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Author Topic: First iPhone Worm Found  (Read 1121 times)

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First iPhone Worm Found
« on: November 14, 2009, 04:02:22 am »
We have located the first iPhone worm, dubbed as Ikee. It's currently spreading in the wild, but it's only able to infect devices that have been "jailbroken" by their owners. Jailbreaking removes iPhone's protection mechanisms, allowing users to run any software they want.

Affected users will find that their iPhone wallpaper has been altered to a picture of Rick Astley (of Rickroll fame) and the message "ikee is never going to give you up".

ikee iPhone worm

The worm targets users who have jailbroken their phone but have not changed their default root login password. It will search for vulnerable iPhones by scanning a handful of IP ranges — most of which are in Australia. At the moment, we have no confirmed reports of Ikee outside of Australia.

After Ikee infects a phone, it disables the SSH service, preventing reinfection.

To protect your jailbroken iPhone, change your root password. Here's how.

The creator of the worm has released full source code of the four existing variants of this worm. This means that there will quickly be more variants, and they might have nastier payload than just changing your wallpaper or might try password cracking to gain access to devices where the default password has been changed.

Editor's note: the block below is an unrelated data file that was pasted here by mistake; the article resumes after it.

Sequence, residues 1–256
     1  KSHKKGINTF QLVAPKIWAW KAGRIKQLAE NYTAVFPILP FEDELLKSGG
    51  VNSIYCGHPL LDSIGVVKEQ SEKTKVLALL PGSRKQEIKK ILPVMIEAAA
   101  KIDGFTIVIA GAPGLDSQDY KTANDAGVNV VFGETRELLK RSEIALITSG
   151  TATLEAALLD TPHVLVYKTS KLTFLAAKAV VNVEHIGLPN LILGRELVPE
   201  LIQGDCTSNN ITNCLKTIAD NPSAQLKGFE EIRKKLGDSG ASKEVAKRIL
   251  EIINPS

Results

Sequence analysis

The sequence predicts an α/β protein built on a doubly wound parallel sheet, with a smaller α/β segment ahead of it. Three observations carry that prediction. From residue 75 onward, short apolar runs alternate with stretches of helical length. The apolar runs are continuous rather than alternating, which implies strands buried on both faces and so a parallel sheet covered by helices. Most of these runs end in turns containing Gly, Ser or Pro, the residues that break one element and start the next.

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Re: First iPhone Worm Found
« Reply #1 on: November 17, 2009, 05:19:36 pm »
Haha oh rick astley....that sounds fun? And bad? :o
thank god i dont have an iphone. itouch ftw
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Re: First iPhone Worm Found
« Reply #2 on: November 17, 2009, 10:59:35 pm »
This is not due to a hole or anything, it only affects people who were too stupid to change the default password for SSH.


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Re: First iPhone Worm Found
« Reply #3 on: December 12, 2009, 11:56:32 am »
This is not due to a hole or anything, it only affects people who were too stupid to change the default password for SSH.

Coming in a month late but - it's also only affecting people too stupid enough to install - and then leave open - SSH. If you didn't have SSH installed (or turned off when not in use), you're a hellofalot more safe than someone leaving SSH open.

It's also partially a cellular network issue - why - just WHY - would you assign a device a public IP address, knowing its' capabilities?

AT&T hides their devices on the network behind several gateways - you have an internal 10.x IP (haven't confirmed if I can ping other AT&T devices inside this network with my FUZE yet) and an outward-facing gateway IP that you share with thousands of others.

Sprint... gives you public IPs. Not too hard to enable Telnet or SSH on a Pre... and then allow it to listen on said public interface - but you as the user must manually perform that step in a terminal as-is, compared to iPhone - with a one-swipe of the "On" switch turning on SSH to all interfaces and IPs.